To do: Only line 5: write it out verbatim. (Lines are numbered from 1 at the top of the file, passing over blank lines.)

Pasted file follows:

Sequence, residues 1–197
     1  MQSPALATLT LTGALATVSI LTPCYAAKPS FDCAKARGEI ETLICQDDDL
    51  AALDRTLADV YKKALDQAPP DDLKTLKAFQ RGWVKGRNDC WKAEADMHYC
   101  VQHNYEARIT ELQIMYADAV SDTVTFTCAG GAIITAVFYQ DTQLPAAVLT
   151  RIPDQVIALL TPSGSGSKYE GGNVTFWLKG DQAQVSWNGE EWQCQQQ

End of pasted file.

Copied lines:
   151  RIPDQVIALL TPSGSGSKYE GGNVTFWLKG DQAQVSWNGE EWQCQQQ